Floating divs

Floating divs is what we will examine today. As the Tutorial: “CSS website design using divs” continues we are progressing more and more.

Divs are block level elements — meaning — each div will always start in a new line. But sometimes this is not desired. Let’s make one simple web site with 2 column layout, header, and footer.

<html> 
<head> 
<style type="text/css">
div#C {margin:auto; width:40em;}
div#H {background:pink;}
div#A {float: left; width:50%; background:red;}    
div#B {float: right; width: 50%; background:green;}
div#F {background:yellow;}
</style> 
</head>
<body>
<div id="C">
<div id="H">Header</div>
<div id="A">Left floating div</div>
<div id="B">Right floating div</div>
<div id="F">Footer</div>
</div>
</body>
</html>

You may find how to improve this basic design by adding an additional div that holds the menu from Robert Johnson web site here.

Notice the perfect-body we are having here and how the divs markups do not overlap.

<body>
<div id="C">
<div id="H">Header</div>
<div id="A">Left floating div</div>
<div id="B">Right floating div</div>
<div id="F">Footer</div>
</div>
</body>

All divs are inside the container div C: div H—representing the header, div A—typically representing the main content, div B typically representing the sidebar, and div F—representing the footer.

One small tip here: Why the div A that typicaly represents the main article content stands before the div B? Becase of SEO. You need to feed the web crowlers with the most important content first.

Also there are 2 major tips we need to learn about floating divs:

Major tip #1: When using float on divs, their position should be set to static which is by default.

Otherwise if relative, absolute, or fixed position is used you may ruin the web design.
Let’s demonstrate the major tip #1:

<html> 
<head> 
<style type="text/css">
div#C {margin:auto; width:40em;}
div#H {background:pink;}
div#A {float: left; width:50%; background:red;}    
div#B {float: right; width: 50%; background:green; position:absolute; left:0em;}
div#F {background:yellow;}
</style> 
</head>
<body>
<div id="C">
<div id="H">Header</div>
<div id="A">Left floating div</div>
<div id="B">Right floating div</div>
<div id="F">Footer</div>
</div>
</body>
</html>

Here I set the position absolute for the div B.

In some case you may use position: relative, but with caution.

Major tip #2: Clearing the float.

Divs are block level elements — meaning — each div will always start in a new line. We used floats to make divs float in same line as shown above. When you need to revert to the normal document flow you need to use clear:both;.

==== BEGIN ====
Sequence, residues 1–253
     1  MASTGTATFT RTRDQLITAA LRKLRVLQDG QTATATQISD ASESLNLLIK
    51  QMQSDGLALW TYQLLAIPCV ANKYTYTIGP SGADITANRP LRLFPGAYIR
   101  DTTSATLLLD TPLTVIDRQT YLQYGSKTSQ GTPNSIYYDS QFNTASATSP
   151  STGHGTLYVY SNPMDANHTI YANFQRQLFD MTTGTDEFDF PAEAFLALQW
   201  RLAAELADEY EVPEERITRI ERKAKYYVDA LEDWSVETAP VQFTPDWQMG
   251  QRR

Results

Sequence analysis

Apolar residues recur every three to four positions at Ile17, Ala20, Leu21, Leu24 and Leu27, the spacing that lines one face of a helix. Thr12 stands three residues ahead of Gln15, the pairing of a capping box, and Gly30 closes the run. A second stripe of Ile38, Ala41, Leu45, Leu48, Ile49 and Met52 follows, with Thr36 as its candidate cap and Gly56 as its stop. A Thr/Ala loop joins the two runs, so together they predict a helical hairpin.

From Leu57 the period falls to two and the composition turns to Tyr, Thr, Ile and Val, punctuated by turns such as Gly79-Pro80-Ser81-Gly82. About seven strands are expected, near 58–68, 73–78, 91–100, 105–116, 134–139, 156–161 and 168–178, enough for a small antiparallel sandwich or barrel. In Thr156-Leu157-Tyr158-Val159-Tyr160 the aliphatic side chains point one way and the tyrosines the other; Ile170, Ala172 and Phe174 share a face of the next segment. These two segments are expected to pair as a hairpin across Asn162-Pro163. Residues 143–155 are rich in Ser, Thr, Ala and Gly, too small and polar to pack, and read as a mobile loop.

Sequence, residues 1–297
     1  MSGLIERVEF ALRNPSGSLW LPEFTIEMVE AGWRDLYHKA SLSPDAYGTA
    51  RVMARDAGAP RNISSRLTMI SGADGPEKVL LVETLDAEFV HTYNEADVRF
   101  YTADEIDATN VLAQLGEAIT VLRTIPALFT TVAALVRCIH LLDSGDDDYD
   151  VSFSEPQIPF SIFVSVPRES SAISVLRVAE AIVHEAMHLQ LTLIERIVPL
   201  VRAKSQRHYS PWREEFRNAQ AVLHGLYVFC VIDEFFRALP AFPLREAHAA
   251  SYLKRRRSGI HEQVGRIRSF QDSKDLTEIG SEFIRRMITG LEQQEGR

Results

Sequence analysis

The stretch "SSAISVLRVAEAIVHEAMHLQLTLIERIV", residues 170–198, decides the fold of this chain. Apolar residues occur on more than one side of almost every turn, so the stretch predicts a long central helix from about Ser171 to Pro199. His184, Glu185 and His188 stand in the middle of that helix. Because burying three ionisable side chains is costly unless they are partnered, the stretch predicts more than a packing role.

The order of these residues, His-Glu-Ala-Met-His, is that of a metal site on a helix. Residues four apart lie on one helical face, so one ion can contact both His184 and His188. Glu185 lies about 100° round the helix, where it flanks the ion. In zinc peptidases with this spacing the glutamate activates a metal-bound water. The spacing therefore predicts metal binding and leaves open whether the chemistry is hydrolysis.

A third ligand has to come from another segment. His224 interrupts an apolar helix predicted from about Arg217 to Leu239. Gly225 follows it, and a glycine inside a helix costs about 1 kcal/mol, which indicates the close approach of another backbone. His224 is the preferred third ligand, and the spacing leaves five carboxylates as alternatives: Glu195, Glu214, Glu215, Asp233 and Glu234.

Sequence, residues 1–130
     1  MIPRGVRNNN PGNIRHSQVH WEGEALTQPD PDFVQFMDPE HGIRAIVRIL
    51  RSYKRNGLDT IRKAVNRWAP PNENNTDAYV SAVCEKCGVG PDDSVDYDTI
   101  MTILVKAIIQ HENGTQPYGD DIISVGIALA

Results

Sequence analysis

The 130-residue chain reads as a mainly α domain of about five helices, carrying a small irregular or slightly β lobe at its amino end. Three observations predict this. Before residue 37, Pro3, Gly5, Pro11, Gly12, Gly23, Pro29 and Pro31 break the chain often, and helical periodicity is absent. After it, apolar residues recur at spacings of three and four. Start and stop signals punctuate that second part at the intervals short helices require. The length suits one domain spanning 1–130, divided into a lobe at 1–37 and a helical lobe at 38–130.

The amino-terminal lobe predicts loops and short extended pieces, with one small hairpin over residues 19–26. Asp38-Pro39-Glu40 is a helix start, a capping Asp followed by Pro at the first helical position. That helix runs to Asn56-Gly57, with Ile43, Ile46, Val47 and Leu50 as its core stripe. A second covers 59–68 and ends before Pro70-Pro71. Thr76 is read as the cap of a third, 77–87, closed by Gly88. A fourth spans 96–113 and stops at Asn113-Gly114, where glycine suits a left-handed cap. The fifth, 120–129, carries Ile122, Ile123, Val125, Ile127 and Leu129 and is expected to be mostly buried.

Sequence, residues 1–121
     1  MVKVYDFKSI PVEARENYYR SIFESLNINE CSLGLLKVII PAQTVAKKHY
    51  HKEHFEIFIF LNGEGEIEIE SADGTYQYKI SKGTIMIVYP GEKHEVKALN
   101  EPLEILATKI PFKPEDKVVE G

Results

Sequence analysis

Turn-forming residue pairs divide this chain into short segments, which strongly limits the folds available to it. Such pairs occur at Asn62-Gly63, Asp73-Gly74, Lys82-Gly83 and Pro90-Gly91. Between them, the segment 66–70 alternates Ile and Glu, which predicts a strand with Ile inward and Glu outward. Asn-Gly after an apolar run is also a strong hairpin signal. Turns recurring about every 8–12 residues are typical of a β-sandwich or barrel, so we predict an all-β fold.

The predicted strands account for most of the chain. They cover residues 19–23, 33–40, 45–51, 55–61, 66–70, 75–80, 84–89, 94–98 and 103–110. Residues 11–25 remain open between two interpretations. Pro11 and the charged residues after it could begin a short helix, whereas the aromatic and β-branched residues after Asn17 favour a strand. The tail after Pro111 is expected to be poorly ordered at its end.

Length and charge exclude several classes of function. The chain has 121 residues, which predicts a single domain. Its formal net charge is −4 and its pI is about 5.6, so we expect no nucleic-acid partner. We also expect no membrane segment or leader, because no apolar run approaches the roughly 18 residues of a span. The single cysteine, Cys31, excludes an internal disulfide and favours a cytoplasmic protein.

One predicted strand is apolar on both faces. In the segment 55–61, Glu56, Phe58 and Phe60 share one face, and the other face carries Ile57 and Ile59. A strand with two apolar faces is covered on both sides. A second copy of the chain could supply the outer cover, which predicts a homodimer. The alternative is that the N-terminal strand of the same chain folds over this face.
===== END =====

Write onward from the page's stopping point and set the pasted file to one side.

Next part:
Here is the perfect example:

<html> 
<head> 
<style type="text/css">
div#C {margin:auto; width:40em;}
div#H {background:pink;}
div#A {float: left; width:30%; background:red;}    
div#B {float: right; width: 30%; background:green; }
div#F {background:yellow;}
</style> 
</head>
<body>
<div id="C">
<div id="H">Header</div>
<div id="A">Left floating div</div>
<div id="B">Right floating div</div>
<div id="F">Footer</div>
</div>
</body>
</html>

Now you will see the footer between the “Left floating div” and “Right floating div”, but that’s not good. We need the footer in the separate line. Here is how to do it.

<html> 
<head> 
<style type="text/css">
div#C {margin:auto; width:40em;}
div#H {background:pink;}
div#A {float: left; width:30%; background:red;}    
div#B {float: right; width: 30%; background:green; }
div#F {background:yellow; clear:both;}
</style> 
</head>
<body>
<div id="C">
<div id="H">Header</div>
<div id="A">Left floating div</div>
<div id="B">Right floating div</div>
<div id="F">Footer</div>
</div>
</body>
</html>

And the result will be like this:

The last image shows that after we “cleared” floating the footer div is looking OK. The reason why div floating is most used web site layout technique is the ability to clear the floating anytime and to return to the normal document flow with a single “clear:both”, “clear:left”, or “clear:right”.

In the next article I will demonstrate how to achieve journal styles using divs.

“clear:both”, “clear:left”, “clear:right”

Let’s explain “clear:both“, “clear:left“, “clear:right” statements further. To clear a div with additional “clear” instruction has sense only when the divs are floating. No floating no clearing is possible.

If we have only two divs A and B on the entire HTML page, that are floating, then we can add clear style to the second div B. Adding a clear code to the first div A doesn’t have any sense. Meaning, the relation exists between the element having the clear style and between the element(s) preceding it.

Sometimes developers create divs only for clearing like this:

<div style="clear:both"></div>

This may be considered as good practice.

In a case we have added clear:left to a div B and div A has float:right then div B will go to the new line.
In a case we have added clear:right to a div B and div A has float:left then div B will go to the new line.
Without clearing both divs in previous 2 cases will be inline.

Goto Next article.

Thanks.